I have Intel Core Q6600 @ 2400 CPU and G31/33 motherboard (ASRock).
How to overclock it? I heard it can be (easily) overclocked to 4 GHz!
I can't change CPU multiplier (9x) and if try to overclock higher than @ 2600 it all hang up!
This can be a problem with multiplier locked CPUs because once at your maximum multiplier you can only use what I still call the FSB (front side bus) which means you speed up the motherboard, memory and even the chipsets.
Now either your motherboard or memory cannot take the speed increase, there may be an option in the BIOS to alter the memory speed if that is the problem, once that is slowed down you may be able to increase the motherboard speed (it speeds up the cpu as well) further but note that this once agin tends to start an increase in memory speed.
I would start with keeping the memory at its normal speed all the time until you can establish the fastest speed for your motherboard, then you will know what the bottle neck is .... In the BIOS there maybe some multipliers that alters more things but I do not know your motherboard and of course you will have to increase voltages as you crank up the OC.
You may also be able to use this http://www.asrock.com/feature/OCTuner/
3Ghz is a nice overclock. FSB increase to 333 from 266, and memory multiplier reduced to keep it in spec. You may or may not need a CPU voltage increase.
the Q6600 does not have an easy overclock to 4,0 contrary to what you write.
This first generation quad is almost legacy.
A smart investment for a low budget would be a an i5-2500k at this point in time.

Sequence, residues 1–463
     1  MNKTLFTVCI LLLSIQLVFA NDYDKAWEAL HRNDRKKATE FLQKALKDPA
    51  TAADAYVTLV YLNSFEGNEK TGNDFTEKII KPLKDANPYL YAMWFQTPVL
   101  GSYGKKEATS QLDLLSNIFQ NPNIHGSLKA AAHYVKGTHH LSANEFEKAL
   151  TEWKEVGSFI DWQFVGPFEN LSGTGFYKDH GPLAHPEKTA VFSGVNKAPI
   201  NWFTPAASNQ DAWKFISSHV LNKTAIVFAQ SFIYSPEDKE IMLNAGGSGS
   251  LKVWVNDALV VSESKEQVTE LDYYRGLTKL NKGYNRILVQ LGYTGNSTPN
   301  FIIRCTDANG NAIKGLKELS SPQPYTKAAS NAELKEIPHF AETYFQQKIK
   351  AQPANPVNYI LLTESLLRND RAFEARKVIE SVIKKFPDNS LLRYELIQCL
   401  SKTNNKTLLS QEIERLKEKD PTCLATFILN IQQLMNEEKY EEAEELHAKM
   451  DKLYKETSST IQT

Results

Exchanging the mobo + cpu + memory + cooler shouldn't cost you much more than 400 euro and this one can easily be overclocked to above 4,0
I did this upgrade for the slowest computer I had and got 4,7 without any hassle at all. Maybe lucky with the chip running at 58 degrees celcius running prime95 but on average 50% of these chips reach 4,5 without extreme cooling solutions.
I was wondering if anyone is familiar with this board for O/C, e.g., how to retrieve store BIOS settings and how to go into Advance mode and set the Vcore, etc.
Infinite analysis in various engines does not get about 55 C. My red line is 60 C.
So heat is not even close to being an issue.
But unfortunately I've found that when I push Blck (bus speed) to 190 with a needed increase in Vcore, then problems arise quickly (BSOD or reboots, etc.)
I have never determined if the ASUS P6T Deluxe V2 MB simply cannot achieve an O/C much above 4.07 Ghz; or if I never found the right combination of O/C parameters.
It seems clear that heat is not the issue in limiting my O/C.
And aren't there ways to change memory settings to give more leeway for a higher BCLK?
With BCLK = 185, your QPI must be able to handle 185 x 36 [the QPI multiplier] = 6.66 GT/s, but the QPI on your chip is only rated at 4.8 GT/s. Usually you can go past the 4.8 limit, but eventually you hit the wall.
From the above article:
More About QPI
Another new element to the Core i7 is the Quick Path Interconnect that we mentioned earlier. This high-speed interface connects the processor (or processors, in a multi-proc machine) to the chipset. Intel currently has two QPI speed iterations. The Core i7-965 Extreme Edition runs at 6.4 gigatransfers per second and the non-Extreme chips, such as the Core i7-920 and Core-i7-940, run at 4.8GT/s.
The QPI is important to watch because ramping it up too far can kill your overclock. For example, pushing the base clock from its stock 133MHz to 200MHz on a Core i7-920 means that the QPI will default to 7.2GT/s. That’s quite bit more speed than the stock 4.8GT/s; however, we successfully tested a Core i7-920 running at 7.2GT/s and believe that’s still within the realm of viability.
The QPI speed of the Core i7-920 and Core i7-940 is derived by multiplying the base clock (133) by 36, which equals 4788 or 4.8GT/s. The Core i7-965 uses a default QPI multiplier of 48, but unlike the non-Extreme chips, the 965’s multiplier is not locked. If you believe your overclock is failing because you’ve cranked the QPI too far, you can try dropping the speed by changing the QPI multiplier. On some overclocking runs with a Core i7-965 Extreme Edition, we had to drop the QPI back from 7.68GT/s to 7.04GT/s to increase reliability. The bad news is that you can’t do this with the budget chips.